Tom Coughlin of the New York Giants and Rex Ryan of the New York Jets are coaches with vastly different styles. Coughlin is the elder statesman, the guy with the reputation as a disciplinarian, a taskmaster who has his own odd rules and a stern set of expectations for players. Some players who play for him don't understand him and others who haven't say they wouldn't want to. Ryan, of course, is the bombastic, bragging coach who players everywhere seem to feel they would love to play for. He is full of swagger, and he rubs many who don't play for him the wrong way.
Thing is, both New York coaches have the same problem as the 2011 NFL season reaches the post-Thanksgiving stretch run. Both of their teams are reeling at the moment, and could be headed toward disappointing finishes to the season.
Coughlin, seemingly, has the bigger problem. A third straight season without a playoff appearance could easily cost the 64-year-old coach his job, no matter how many of the team's injuries or personnel shortcoming are beyond his control.
The Giants are 6-4, trailing the 7-4 Dallas Cowboys in the NFC East. The Giants have lost two straight, and are now 24-34 in the second halves of seasons during Coughlin's eight-year tenure. The Giants started 2008 11-1, finished 12-4 and got bounced out of the playoffs in the first round. In 2009, they started 5-0, went 3-8 in their final 11 games and missed the playoffs. Last season they were 9-4, lost two of their last three, and again missed the playoffs.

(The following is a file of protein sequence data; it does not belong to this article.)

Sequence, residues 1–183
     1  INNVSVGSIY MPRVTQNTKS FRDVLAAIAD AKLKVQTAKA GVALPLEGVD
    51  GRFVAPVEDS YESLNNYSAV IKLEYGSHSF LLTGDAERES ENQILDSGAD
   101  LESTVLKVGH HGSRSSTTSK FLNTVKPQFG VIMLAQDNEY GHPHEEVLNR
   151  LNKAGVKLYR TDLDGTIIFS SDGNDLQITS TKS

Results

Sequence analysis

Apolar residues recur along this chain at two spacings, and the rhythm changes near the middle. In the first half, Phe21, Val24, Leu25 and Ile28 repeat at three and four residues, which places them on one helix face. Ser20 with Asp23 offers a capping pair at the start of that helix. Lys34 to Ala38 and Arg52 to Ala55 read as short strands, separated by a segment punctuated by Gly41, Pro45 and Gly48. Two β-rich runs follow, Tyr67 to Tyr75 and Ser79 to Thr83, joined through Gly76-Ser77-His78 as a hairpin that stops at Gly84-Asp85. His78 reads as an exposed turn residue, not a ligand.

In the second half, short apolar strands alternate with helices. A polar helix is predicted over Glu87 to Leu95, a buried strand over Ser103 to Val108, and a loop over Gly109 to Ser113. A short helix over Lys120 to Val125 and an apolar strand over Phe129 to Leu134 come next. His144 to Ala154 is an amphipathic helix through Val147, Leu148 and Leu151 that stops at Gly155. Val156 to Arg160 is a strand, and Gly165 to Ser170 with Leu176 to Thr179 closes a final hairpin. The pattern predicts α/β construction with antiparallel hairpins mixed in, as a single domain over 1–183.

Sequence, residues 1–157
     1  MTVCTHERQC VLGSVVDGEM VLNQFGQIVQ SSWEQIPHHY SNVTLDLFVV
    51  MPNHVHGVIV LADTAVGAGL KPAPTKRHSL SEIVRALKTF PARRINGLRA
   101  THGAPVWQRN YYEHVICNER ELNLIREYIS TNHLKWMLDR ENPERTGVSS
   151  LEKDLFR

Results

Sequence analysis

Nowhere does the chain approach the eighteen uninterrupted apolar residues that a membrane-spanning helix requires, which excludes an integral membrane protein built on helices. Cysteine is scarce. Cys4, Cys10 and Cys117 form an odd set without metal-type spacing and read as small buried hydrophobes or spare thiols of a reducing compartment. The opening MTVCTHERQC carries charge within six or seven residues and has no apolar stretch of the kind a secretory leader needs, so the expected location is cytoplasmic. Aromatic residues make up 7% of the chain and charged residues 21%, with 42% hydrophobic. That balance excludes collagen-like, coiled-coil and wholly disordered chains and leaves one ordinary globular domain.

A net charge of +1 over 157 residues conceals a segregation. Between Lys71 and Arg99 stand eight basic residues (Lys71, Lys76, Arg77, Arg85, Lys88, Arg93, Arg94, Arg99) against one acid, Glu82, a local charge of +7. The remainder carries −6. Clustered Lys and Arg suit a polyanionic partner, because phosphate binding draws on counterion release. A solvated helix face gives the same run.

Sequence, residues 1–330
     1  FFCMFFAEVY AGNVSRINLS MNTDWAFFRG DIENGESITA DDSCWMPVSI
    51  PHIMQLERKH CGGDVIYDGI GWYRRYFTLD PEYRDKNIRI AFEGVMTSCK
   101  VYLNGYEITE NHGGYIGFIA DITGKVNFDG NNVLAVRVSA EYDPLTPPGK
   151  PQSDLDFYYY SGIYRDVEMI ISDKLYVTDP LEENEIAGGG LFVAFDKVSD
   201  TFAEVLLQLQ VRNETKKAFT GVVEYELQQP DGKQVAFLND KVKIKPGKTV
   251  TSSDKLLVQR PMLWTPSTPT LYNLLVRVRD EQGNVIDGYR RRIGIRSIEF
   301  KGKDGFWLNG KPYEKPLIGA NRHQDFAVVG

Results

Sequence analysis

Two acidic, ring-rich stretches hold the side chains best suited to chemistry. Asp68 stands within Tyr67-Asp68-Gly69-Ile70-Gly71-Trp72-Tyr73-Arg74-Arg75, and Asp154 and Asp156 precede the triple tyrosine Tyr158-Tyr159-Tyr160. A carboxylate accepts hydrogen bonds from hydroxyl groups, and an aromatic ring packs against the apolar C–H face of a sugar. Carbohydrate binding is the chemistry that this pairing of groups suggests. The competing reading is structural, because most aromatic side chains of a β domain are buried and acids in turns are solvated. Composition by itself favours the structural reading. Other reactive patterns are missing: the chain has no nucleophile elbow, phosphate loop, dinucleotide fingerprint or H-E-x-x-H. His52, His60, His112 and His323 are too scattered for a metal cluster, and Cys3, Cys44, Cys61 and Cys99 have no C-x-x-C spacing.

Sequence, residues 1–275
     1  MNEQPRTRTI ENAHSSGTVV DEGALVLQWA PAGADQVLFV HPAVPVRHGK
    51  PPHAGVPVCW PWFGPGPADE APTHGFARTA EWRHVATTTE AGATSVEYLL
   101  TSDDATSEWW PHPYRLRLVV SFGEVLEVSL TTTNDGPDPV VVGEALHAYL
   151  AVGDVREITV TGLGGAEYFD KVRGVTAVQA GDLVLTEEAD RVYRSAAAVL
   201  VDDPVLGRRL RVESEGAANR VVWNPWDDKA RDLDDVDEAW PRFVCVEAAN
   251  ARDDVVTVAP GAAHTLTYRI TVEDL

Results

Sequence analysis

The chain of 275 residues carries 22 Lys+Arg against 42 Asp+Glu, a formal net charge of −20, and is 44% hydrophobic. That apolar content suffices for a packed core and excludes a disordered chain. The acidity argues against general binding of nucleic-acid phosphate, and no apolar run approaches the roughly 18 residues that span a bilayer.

After starting this season 6-2 it is easy to see that another playoff-less "quick start, terrible finish" season could cause the Giants organization to re-think its commitment to Coughlin, who has one year remaining on his contract. The Giants won the 2008 Super Bowl in amazing fashion, and Coughlin deserves all the credit that comes with being a Super Bowl-winning coach. One Super Bowl, though, does not give him a lifetime pass to coach the Giants.
His teams have disappointed the past two seasons. His mantra has always been "talk is cheap, play the game." Yet, for the past two years his teams have talked a better game than they have played.
With a brutal schedule remaining (at New Orleans, vs. Green Bay, at Dallas, vs. Washington, at the Jets, vs. Dallas) the Giants have to find a was to stop talking and start playing. Or, Coughlin might be walking out the door for good as Giants coach.
Ryan's problem is, largely, that he talks too much. He has guaranteed, again and again, the Super Bowl that Coughlin has already delivered. Yet, he has not won it. He has not even reached it.
This season, the Jets are 5-5 and appear to have no shot at the AFC East title after two losses to the New England Patriots. The Jets offense appears stagnant, quarterback Mark Sanchez appears to be regressing in his third season, and the defense does not seem as dominant as it did a couple of seasons ago.
Worse yet, their are real questions surfacing for the first time about Ryan's effectiveness on the Jets' sideline. His relationship with Sanchez has been questioned, especially as Ryan has allowed backup Mark Brunell some first-team reps this week. Legendary Jets quarterback Joe Namath has been highly critical of Ryan, saying his 'Mr. Good Guy' approach is not getting the best from the team. Pro Football Weekly this week wondered if Jets players are beginning to tire of Ryan's act.
The Jets have six games to right the ship and get to the playoffs for the third time in Ryan's three years as coach. If they don't make it that failure won't cost Ryan his job. Considering all of his big talk, though, it might cost him some of his credibility.